Little branch, big difference

For many of us, middle school health class provided the basic biological and anatomical differences between males and females. While we can recognize physical differences from a young age and learn about the differing reproductive organs in our pre-teen years, many sex-specific characteristics and behaviors are more difficult to understand; particularly those in the brain. What causes structural and functional differences in the brains of males versus females?

In a 2016 publication in Current Biology, Dr. Hiroki Ito, Dr. Daisuke Yamamoto and their team at Tohoku University in Sendai, Japan dove deeper into one of these sex differences and its effect on the courtship behaviors in flies, Drosophila melanogaster. By studying and manipulating the structure of a certain group of sexually dimorphic neurons called the mAL neurons (which function to inhibit male courtship), the researchers were able to discover the genes and mechanisms that influence their dimorphic development.

The mAL neurons differ in males and females in three ways. First, male mAL neurons consist of 30 cells while females have only 5 cells. Second, male mAL neurons project a neurite on the contralateral and ipsilateral side of the brain while females have only the contralateral projection. (Contralateral refers to having projections on the opposite side while ipsilateral refers to the same side.) Third, female mAL neurons have forked arborization of the contralateral projection while males have a horsetail-like structure at the end of their contralateral neurite. In this study, the researchers focused on why it is that the ipsilateral neurite develops in males but not in females.

Dr. Ito and his colleagues found that the male-specific transcription factor known as fruitless (FruM ) binds to a sequence in the promoter region of a gene called roundabout 1 (robo1) whose normal function is to block the formation of the mAL’s male-specific, ipsilateral projection. When FruM binds to robo1’s promoter region, it represses robo1 expression in the male. In females, FruM is not expressed, which thereby disinhibits robo1 expression in females and the ipsilateral branch fails to form.

How did the researchers figure this out? First, the team performed an experiment in which they knocked down robo1 function specifically in developing mAL neurons of females. In robo1-deficient females, mAL neurons developed an ipsilateral projection. However, when the same procedure was done in males, there was no difference in projections between wild-type and robo1-deficient males (Figure 1c–f). These findings suggested to the researchers that the formation of the ipsilateral neurite is normally inhibited in females by the function of robo1.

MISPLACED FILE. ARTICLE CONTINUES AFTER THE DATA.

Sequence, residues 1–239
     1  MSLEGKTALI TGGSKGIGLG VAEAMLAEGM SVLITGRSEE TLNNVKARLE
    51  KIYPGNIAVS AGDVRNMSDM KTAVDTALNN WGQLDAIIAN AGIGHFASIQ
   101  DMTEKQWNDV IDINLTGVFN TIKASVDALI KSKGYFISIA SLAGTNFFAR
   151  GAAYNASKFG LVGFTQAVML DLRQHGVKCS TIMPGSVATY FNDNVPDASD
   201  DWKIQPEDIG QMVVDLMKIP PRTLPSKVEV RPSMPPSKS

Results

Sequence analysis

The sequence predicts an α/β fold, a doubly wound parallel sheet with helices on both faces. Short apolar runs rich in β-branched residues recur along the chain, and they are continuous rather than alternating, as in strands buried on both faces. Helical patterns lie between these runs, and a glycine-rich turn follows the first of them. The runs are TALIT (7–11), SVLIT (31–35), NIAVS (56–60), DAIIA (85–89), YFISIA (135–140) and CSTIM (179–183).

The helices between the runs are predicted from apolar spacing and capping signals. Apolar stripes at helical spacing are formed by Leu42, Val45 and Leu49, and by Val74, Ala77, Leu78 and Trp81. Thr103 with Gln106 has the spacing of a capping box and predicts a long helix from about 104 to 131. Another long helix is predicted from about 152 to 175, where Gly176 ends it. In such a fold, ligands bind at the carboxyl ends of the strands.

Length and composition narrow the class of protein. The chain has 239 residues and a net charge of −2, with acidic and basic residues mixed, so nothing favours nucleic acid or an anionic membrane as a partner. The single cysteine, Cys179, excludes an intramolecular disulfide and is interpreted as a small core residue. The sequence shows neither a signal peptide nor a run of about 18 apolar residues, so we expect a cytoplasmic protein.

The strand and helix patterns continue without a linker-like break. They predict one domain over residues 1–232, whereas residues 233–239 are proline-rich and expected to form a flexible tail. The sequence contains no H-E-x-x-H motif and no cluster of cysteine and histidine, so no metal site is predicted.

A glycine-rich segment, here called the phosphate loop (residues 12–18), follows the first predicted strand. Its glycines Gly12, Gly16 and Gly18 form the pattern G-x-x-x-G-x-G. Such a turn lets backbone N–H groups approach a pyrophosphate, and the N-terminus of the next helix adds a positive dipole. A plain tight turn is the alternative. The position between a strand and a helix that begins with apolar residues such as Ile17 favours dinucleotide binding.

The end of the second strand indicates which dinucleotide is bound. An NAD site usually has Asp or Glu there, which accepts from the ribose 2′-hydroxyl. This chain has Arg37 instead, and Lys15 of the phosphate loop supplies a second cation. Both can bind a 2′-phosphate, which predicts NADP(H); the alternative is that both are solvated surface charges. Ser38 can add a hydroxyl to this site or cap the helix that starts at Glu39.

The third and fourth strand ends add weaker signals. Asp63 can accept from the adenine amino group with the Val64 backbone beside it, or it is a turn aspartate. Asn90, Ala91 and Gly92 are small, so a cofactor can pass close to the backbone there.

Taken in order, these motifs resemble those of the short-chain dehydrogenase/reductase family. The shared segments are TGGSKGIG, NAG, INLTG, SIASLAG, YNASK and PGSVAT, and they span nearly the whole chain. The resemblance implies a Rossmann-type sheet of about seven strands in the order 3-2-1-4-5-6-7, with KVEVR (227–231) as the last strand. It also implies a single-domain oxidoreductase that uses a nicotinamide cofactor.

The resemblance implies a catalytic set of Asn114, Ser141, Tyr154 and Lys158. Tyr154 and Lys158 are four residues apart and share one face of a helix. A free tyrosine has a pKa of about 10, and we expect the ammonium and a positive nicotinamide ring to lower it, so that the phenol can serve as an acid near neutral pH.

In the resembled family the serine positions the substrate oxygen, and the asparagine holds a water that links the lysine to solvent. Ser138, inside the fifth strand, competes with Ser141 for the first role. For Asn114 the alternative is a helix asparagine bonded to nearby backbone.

Next, Dr. Ito and his colleagues determined the connection between FruM and robo1 in regulating the formation of the ipsilateral neurite in male Drosophila. They found that male mAL neurons without functional FruM lost the ipsilateral projection, as if robo1 expression was gained in the mutant males. Similarly, female flies that had overexpressed FruM also did not possess ipsilateral neurites. These findings led the authors to propose a genetic pathway in which FruM in males represses robo1 which in turn represses the development of the mAL ipsilateral neurite (figure 2).

How might FruM repress robo1 expression in males? Since FruM is a transcription factor, the most obvious hypothesis would be that FruM directly represses the transcription of robo1 in males; in females, this repression would be relieved due to the absence of FruM, and robo1 would then be permitted to be expressed.

To test this idea, the team went on to see if FruM directly binds sequences near the robo1 promoter. Dr. Ito and his colleagues cloned a series of DNA fragments of various sizes surrounding the robo1 transcriptional start. Each fragment was then hooked up to the luciferase gene (luciferase is the protein that makes fireflies light up), and the DNA constructs were introduced into cells. Most of the fragments drove some luciferase expression. Interestingly, when they simultaneously introduced FruM protein into the cells, the level of luciferase activity dropped dramatically, indicating that FruM protein has the ability to repress transcription. Eventually they were able to identify a 42-bp sequence, called FROS (FruM Response Obligatory Sequence), to which FruM protein physically binds. This sequence is located very close to the promoter of robo1. Moreover, Dr. Ito and his colleagues were able to generate mutant flies in which the FROS was deleted. Remarkably, the mAL neurons of flies lacking this binding sequence did not develop a normal, full size ipsilateral projection.

Focusing on the mAL neurons, Dr. Hiroki Ito and his colleagues were able to discover the mechanisms that led to the development of a sexual diorphism in neural anatomy. They were able to show that the male isoform of the transcription factor, FruM, represses the gene robo1 in male flies, which allows for the formation of the male-specific ipsilateral neurite. Being that females do not express any version of FruM, robo1 expression is not repressed and ipsilateral neurite formation is restricted. These findings prompt new questions and potential studies for the team: Does robo1 have multiple roles in regulating mAL neural anatomy? Can the binding site be narrowed down even more? And what else is the FROS sequence responsible for? An immense amount of research is still required to understand the molecular bases of mAL dimorphisms in Drosophila, but Dr. Ito and his team have made huge strides in the field and have paved the way for many future studies.

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